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Search Results for 'Tristan and Iseult'

Rosemary Sutcliff imagined a rich cast of characters to people her historical novels. But many of her works also draw heavily on legend

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In earlier times The Carnegie Medal used to have “commended” and “highly commended” books each year, as well as a winner—I do not think it does now. Rosemary Sutcliff was awarded the medal in 1959 for The Lantern Bearers. But she was several times commended too. In: 1954 for The Eagle of the Ninth 1956 for The […]

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The Carnegie Medal—judged by librarians in the United Kingdom is 77 years-old, this year! Past winners have included Rosemary Sutcliff as well such classic authors of children’s literature as Arthur Ransome and  C.S. Lewis. The shortlist of eight books for 2014 has just been announced: All the Truth That’s in Me by Julie Berry (Published by Templar) The […]

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Rosemary Sutcliff wrote in the foreword to her “starkly simple” retelling of the story of Tristan and Iseult (OUP, 1971) about “one big change” she made in the story: … In its far-back beginnings, Tristan is a Celtic legend, a tale woven by harpers around the peat fire in the timber halls of Irish or Welsh […]

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Rosemary Sutcliff’s description in Tristan and Iseult of Iseult’s hair as “the colour of brambles when the sap rises in them in the springtime” has stayed in mind for TRIG in Ireland. I looked out for that the spring after I first read it. I’d never noticed before how beautiful brambles are when the sap […]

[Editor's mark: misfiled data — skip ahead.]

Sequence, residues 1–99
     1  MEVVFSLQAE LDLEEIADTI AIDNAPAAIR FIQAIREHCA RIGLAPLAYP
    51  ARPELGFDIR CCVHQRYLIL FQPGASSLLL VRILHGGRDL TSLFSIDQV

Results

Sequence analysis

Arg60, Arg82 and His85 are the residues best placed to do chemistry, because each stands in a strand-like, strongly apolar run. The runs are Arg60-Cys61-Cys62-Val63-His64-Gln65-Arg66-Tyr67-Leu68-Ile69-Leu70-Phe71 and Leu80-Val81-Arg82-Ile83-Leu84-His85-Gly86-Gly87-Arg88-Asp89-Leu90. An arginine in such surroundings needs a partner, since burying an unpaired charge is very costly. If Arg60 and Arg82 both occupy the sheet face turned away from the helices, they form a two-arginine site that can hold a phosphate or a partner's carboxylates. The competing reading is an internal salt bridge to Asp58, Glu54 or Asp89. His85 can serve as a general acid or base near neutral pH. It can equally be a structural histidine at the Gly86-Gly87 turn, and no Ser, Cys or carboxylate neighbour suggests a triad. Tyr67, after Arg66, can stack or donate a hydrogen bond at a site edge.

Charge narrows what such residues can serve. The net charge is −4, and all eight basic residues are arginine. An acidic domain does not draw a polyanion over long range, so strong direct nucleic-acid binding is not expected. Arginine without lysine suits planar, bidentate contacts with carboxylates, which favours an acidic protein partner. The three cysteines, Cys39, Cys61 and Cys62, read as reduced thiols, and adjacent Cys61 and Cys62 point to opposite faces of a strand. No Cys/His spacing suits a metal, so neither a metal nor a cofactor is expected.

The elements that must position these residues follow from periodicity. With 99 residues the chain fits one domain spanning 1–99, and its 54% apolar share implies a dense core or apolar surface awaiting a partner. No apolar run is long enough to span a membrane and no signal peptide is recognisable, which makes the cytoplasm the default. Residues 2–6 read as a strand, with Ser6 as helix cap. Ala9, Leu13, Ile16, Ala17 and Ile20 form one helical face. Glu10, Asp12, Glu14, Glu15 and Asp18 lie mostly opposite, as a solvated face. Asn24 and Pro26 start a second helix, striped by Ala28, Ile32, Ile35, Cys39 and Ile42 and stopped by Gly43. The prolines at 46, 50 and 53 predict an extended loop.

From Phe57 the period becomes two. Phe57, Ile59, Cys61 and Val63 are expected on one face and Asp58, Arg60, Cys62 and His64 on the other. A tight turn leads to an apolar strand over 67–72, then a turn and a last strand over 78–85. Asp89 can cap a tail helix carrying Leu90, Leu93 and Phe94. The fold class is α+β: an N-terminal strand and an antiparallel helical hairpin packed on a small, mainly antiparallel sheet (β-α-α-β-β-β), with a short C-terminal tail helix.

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Rosemary Sutcliff won the Boston-Globe Horn Book Award for Tristan and Iseult in 1972. She also won the (UK) Library Association Carnegie Award for The Lantern Bearers in 1959; was highly commended by the Hans Christian Andersen Award in 1974, and nominated in 1968; the  Phoenix Children’s Book Award for The Mark of the Horse Lord in 1985, […]

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Rosemary Sutcliff was the proud recepient of the Carnegie Medal for 1959 for her Roman historical novel  ( “I write for children aged 8 to 88”) The Lantern Bearers. An intriguing question is posed this year (2018) by Children’s Literature Lecturer Lucy Pearson about the focus of books awarded the Carnegie Medal. She questions whether […]

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Place matters hugely in the work of  Rosemary Sutcliff. The main settings of her stories include: The West Country in England Blood Feud | Brother Dusty-Feet | Outcast | Simon | Sword at Sunset | The Armourer’s House | The Eagle of the Ninth | The Queen Elizabeth Story | Tristan and Iseult The South […]

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Listed here is every title by Rosemary Sutcliff, the author and writer of historical fiction and children’s books. (Regular followers—and other visitors—you may like to check that this accords with your understanding. All comments about inaccuracies and additions are very welcome, below) Eagle of the Ninth and similar The Eagle of the Ninth (1954), illustrated by […]

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Adam is Perdita’s friend in The Queen Elizabeth Story (1950). Alcibiades, is a warrior in the Peloponnesian War, including in the dreadful battle of Syracuse, who has a complicated relationship with Athens  in The Flowers of Adonis (1969). Alexios is a Roman army officer who becomes commander of the motley, savage group known as the Frontier Wolves […]

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